The Quail Hunt

by Trina Mioner

Poem


Strange 4

by Daniel Strange

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The Walking Wounded

by Benjamin Williams

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Head Trip

by W. Joseph O'Connell

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Homes for Veterans

by Gene Groner

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The University

by Christopher Bremicker

Array


Sunset In the Desert

By Brant Parker III, Army

Writing Type: Array

By Brant Parker III

 

I was in the U.S. Army, 10,000 miles away from home, and had been deployed to Operation Desert Shield/Storm. As on so many other nights, I prepared to take my turn on guard duty, and this night was no different. My buddy Paul and I were lucky, which is odd to say considering we were in the middle of a combat zone. But this night we were assigned to the 50-caliber on an APC. We were on point for our firebase. Our duty started at 1800 hours, so we headed out to relieve other guards for the night rotation. After guard change, we arrived at our post at 1805 hours and took our position for the night. 


Paul sat in the driver's hatch, and I sat in the TC position manning the 50-cal. As we settled down into our positions, day was ending, and night was slowly enveloping us and everything around us. The sun had started to set, and neither Paul nor I paid much attention to it as it slowly sank behind the horizon. We were too busy talking. When Paul and I got together, we always talked about the “world.” Although we were soldiers on active duty in a war, neither one of us considered that we would not be rejoining the world we had left behind. It was a pleasant diversion to talk about what we were going to do when we got back home. We talked about our favorite foods we were missing and how we were going to eat as much of them as we possibly could when we got home. Then there was the beer we were going to drink, and which brands were the best and inevitably we shared stories about being drunk and stupid. Finally, the conversation would get down to the women we were going to chase once we left this hot, gritty piece of hell. There was never any doubt that we would be going home at some point. 

 

Suddenly, I noticed the sky and prodded Paul to look. It looked as if an unseen hand had just painted the air as if it were a piece of giant canvas. The colors were so vibrant. The majestic purples complimented the brilliant royal blues. Streaks of rosy pink shimmered like diamonds on this masterpiece in the sky. A few billowy, white clouds made a background for this awesome scene. The sun was glowing a fiery orange red, almost like a giant pumpkin ready for the carving knife. As the sun slowly, slowly made its final descent into the western sky, the brown, desolate desert sand seemed to magically transform into a sea of shimmering shards of light. In those few fleeting moments everything around us seemed to come together and create the most magnificent sunset I had ever seen in my life. Never in a million years would I have imagined such a breathtaking sunset in one of the most dangerous places on earth during one of the most perilous times of my life. Paul and I sat together in that APC and watched in silent amazement until darkness blanketed the daylight. I tried, without any success, to recall a time in my life when I had ever seen such an extraordinary sunset. That night I felt as if I had been a witness to the power and majesty of the Almighty. My thoughts turned to God and I thanked Him for all the gifts He had given me.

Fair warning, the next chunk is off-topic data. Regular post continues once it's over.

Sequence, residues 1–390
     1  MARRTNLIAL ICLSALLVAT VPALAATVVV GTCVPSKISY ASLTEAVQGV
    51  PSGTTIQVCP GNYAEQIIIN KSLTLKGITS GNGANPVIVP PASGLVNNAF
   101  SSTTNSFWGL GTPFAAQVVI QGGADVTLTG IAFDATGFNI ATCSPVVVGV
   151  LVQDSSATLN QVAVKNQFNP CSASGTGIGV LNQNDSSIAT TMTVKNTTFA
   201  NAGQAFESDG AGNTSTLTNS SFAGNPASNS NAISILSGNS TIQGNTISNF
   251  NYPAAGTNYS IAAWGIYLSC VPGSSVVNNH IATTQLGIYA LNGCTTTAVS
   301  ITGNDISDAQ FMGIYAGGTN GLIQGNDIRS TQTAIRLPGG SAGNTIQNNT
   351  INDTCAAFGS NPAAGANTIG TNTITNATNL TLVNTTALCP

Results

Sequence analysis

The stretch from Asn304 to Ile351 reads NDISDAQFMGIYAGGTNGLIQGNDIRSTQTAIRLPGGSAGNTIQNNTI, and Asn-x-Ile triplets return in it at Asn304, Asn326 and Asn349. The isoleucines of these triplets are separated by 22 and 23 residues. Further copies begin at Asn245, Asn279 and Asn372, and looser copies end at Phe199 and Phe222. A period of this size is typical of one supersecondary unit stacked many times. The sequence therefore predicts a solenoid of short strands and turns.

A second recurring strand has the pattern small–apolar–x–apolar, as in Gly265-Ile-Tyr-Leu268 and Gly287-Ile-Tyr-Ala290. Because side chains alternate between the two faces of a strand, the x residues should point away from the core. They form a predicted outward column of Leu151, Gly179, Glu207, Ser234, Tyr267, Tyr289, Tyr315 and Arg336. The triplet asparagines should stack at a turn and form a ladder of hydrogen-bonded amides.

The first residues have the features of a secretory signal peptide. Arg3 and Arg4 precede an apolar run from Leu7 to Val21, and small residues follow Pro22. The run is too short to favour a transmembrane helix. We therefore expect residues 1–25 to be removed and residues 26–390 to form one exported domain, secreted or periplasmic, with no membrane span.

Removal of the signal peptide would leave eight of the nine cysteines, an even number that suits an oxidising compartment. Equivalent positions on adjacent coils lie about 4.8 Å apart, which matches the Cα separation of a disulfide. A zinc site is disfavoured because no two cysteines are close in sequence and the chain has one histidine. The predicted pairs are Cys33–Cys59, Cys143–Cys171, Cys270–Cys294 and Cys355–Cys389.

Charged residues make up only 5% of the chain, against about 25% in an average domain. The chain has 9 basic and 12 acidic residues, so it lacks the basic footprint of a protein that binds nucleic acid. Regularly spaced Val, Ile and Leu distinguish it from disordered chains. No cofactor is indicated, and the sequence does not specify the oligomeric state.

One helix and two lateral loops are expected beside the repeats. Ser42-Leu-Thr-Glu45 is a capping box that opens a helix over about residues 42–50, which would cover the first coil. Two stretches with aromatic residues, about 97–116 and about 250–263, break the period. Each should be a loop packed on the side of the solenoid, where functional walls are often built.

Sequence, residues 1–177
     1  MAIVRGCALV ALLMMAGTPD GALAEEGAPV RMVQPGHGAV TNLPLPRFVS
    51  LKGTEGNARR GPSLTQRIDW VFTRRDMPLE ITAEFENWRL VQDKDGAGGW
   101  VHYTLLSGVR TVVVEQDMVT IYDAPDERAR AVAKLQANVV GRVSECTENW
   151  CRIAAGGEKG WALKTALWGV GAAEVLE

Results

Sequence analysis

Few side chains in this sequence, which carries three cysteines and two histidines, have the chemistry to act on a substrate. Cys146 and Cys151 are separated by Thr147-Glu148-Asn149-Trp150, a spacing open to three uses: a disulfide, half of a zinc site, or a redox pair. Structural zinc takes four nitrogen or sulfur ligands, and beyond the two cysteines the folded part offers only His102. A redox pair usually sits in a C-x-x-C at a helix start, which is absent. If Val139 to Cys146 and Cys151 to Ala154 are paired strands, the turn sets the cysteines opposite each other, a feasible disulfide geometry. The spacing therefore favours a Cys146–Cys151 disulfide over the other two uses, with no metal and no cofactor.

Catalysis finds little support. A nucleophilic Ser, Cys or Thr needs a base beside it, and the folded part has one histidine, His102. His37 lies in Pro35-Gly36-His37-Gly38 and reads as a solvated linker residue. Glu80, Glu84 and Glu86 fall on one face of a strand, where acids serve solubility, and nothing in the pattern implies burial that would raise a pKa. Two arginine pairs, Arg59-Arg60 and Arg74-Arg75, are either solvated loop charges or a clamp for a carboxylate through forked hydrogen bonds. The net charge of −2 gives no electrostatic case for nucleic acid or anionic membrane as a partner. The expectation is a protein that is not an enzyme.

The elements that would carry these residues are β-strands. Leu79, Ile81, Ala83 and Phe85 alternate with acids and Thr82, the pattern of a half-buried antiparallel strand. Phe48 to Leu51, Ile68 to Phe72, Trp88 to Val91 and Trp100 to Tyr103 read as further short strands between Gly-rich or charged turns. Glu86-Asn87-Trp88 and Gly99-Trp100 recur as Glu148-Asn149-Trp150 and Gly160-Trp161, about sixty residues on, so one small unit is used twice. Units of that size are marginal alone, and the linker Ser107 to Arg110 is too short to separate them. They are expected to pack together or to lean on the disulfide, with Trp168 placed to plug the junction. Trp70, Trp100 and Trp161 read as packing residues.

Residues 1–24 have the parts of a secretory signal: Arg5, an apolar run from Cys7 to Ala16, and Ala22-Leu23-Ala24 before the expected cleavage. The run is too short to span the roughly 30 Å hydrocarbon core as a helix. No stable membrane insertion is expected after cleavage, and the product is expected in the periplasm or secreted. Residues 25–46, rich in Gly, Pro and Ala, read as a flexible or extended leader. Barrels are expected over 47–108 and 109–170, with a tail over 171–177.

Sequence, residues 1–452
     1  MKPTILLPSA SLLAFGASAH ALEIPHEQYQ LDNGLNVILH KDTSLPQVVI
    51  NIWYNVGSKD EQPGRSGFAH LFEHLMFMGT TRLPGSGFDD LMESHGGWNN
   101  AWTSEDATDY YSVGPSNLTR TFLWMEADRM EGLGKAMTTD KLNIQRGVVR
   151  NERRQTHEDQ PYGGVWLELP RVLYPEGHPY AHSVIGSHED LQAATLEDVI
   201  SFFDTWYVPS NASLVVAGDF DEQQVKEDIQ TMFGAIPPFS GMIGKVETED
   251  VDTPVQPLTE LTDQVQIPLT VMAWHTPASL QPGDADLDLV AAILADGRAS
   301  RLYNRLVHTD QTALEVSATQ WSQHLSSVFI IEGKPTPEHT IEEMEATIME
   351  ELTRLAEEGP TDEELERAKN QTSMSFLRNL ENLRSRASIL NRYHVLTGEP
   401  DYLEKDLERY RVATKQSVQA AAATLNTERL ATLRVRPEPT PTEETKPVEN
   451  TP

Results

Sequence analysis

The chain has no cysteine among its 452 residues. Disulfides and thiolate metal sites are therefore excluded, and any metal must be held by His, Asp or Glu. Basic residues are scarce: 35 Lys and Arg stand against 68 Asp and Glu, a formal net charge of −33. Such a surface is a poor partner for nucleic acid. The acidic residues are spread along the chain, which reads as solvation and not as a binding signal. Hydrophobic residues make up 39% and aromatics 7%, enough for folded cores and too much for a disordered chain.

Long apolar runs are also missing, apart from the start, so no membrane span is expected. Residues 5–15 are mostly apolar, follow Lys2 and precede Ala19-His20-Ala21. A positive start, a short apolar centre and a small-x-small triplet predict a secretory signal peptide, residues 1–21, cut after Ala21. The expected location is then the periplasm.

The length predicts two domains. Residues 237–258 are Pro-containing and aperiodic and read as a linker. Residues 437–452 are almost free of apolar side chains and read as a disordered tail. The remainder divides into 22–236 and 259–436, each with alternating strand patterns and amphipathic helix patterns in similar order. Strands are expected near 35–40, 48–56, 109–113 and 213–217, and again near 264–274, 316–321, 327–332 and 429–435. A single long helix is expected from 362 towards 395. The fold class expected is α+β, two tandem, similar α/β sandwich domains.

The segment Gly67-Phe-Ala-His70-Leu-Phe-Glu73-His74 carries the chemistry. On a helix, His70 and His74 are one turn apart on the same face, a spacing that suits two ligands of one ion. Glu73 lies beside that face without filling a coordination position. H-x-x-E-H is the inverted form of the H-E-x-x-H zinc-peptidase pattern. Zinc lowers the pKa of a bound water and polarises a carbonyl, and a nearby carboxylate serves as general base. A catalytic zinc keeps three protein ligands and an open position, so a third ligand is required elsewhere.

For many years after that incredible night, Paul and I would refer to that amazing sunset. We wondered if we would ever again get the chance to see another spectacular sunset. Many years have passed, and I am now retired from military service. I often reminisce about that night of guard duty with my buddy Paul and that incredible desert sunset. I am certain I have never seen another one like it, and it is probably safe to say I never will again.

 

During that troubling and most dangerous time of my life, I wondered if that sunset was a sign from God wanting me to appreciate His grandeur that I had taken for granted. Was that His way of quietly telling me things would be OK and I would make it home? Honestly, I will never know. But when it comes time for me to leave this world, I hope I get one more chance to see that memorable and beautiful sunset on my final journey home.

 

 

Notes: Cincinnati Va Writing Group C/O Ron Nash

Plunder

by Lynn Norton

Poem


Faces of The Homeless 1

by Ty Andrews

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The Leaves Are Green

by Charles Fredette

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Strange 7

by Daniel Strange

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by Gene Groner

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Fate

by Robert Valonis

Array